Penn Cages father, Dr. Tom Cage, stands accused of murder, and each effort to defend him unearths new, shocking secrets, leaving Penn to question whether he ever really knew his father at all. At issue is the murder of Toms former nurse, Viola Turner. The district attorney is quick to point the finger at Tom, citing his decades-old relationship with Viola. When Tom is taken into custody, Penn must explore the dangerous territory of Tom and Violas shared history, set squarely in the most harrowing years of civil-rights-era Mississippi. What was the relationship between Tom, Viola, and the Double Eagle Club, an ultraviolent group of hardened men who considered themselves smarter, tougher, and more elite than their peers in the FBI-infiltrated Ku Klux Klan? In Natchez, Mississippi, where the past is never truly past, long-buried secrets tend to turn lethal when exposed to the light of day. For Penn Cage, the cost of solving this case is no exception. Greg Iles is the bestselling author of Third Degree, True Evil, Turning Angel, Blood Memory, and The Footprints of God, among others.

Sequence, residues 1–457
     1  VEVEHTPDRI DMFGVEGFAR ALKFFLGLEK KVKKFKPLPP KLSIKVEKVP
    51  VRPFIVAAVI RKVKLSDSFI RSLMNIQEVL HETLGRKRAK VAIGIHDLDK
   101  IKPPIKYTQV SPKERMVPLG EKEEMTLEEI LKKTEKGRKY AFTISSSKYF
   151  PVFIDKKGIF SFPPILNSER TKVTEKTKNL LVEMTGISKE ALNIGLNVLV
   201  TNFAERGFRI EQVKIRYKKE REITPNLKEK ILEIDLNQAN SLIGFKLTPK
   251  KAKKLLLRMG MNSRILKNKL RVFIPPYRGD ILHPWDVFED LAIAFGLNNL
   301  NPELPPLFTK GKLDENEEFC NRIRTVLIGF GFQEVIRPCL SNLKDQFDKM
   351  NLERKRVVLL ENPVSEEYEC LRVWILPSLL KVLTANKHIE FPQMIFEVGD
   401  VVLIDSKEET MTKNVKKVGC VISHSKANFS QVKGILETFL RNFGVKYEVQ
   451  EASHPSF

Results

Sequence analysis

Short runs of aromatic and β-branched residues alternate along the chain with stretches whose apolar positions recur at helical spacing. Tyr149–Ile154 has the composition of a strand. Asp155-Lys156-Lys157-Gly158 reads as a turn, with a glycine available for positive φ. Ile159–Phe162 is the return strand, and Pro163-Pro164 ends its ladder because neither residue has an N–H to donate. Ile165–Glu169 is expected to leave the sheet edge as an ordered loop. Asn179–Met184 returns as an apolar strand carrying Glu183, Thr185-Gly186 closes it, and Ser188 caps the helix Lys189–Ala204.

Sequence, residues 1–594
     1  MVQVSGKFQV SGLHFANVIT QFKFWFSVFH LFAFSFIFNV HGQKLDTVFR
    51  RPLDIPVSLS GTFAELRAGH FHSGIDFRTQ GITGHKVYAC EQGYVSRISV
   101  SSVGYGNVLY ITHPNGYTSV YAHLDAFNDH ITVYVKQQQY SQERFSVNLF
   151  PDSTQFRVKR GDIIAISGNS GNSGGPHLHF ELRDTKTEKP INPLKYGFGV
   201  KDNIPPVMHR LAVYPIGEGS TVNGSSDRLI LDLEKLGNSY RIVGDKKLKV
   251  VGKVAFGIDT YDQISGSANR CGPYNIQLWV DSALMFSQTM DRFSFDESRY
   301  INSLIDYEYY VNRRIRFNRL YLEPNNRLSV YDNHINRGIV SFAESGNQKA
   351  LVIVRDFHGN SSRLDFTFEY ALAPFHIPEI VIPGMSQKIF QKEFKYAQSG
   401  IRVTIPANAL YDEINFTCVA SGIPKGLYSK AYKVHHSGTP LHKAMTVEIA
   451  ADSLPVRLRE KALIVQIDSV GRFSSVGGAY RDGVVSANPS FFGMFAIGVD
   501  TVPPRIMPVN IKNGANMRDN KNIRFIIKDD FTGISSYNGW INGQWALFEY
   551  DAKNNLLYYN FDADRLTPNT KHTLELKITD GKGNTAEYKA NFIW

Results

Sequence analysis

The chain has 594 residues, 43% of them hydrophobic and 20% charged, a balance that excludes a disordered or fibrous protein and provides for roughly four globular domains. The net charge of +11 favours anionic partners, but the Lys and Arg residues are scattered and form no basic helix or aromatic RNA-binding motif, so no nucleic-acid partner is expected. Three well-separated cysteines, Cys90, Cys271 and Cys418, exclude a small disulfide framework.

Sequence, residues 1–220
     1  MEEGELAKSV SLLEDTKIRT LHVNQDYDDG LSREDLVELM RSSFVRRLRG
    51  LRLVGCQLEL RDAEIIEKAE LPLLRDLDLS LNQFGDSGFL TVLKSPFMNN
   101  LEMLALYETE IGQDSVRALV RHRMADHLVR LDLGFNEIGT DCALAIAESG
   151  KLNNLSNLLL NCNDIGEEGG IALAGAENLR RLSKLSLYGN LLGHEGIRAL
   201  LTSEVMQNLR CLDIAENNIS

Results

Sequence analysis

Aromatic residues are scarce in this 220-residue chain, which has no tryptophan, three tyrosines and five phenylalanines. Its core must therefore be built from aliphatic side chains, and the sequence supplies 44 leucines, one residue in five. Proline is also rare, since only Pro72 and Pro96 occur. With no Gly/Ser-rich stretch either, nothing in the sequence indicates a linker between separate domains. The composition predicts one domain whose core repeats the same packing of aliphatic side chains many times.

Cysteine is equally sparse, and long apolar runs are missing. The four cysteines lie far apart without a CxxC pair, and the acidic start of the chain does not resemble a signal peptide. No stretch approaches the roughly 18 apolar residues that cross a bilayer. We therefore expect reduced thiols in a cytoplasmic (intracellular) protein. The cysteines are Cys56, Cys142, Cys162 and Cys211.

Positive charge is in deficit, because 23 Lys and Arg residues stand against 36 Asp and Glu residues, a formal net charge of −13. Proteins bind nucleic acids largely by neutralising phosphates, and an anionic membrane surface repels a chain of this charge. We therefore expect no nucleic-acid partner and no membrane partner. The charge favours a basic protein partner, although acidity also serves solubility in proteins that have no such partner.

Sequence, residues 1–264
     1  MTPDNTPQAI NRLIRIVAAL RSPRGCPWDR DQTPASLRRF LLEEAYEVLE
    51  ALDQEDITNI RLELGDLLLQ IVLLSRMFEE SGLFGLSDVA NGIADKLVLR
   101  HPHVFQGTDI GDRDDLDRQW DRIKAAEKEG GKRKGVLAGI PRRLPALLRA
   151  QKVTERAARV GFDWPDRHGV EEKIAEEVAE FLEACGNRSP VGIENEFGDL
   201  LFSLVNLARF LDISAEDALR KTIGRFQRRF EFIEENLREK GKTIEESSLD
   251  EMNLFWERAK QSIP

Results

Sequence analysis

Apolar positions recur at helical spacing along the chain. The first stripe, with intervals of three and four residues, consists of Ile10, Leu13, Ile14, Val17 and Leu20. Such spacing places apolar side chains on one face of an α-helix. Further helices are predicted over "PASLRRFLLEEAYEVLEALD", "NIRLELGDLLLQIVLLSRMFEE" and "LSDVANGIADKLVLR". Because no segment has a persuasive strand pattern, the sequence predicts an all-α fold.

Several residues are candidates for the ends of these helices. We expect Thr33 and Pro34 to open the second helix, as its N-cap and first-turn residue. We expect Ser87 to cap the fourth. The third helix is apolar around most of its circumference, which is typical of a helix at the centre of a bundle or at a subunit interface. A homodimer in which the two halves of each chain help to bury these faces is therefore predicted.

Girl in the moonlight, Charles Dubow
Girl in the Moonlight by Charles Dubow, author of 2013’s Indiscretion (May 12)
Since childhood, Wylie Rose has been drawn to the charming, close-knit Bonet siblings. But none affected him more than the enchanting Cesca, a girl blessed with incandescent beauty and a wild, irrepressible spirit.
Growing up, Wylie’s friendship with her brother, Aurelio, a budding painter of singular talent, brings him near Cesca’s circle. A young woman confident in her charms, Cesca is amused by Wylie’s youthful sensuality and trusting innocence. Toying with his devotion, she draws him closer to her fire—ultimately ruining him for any other woman.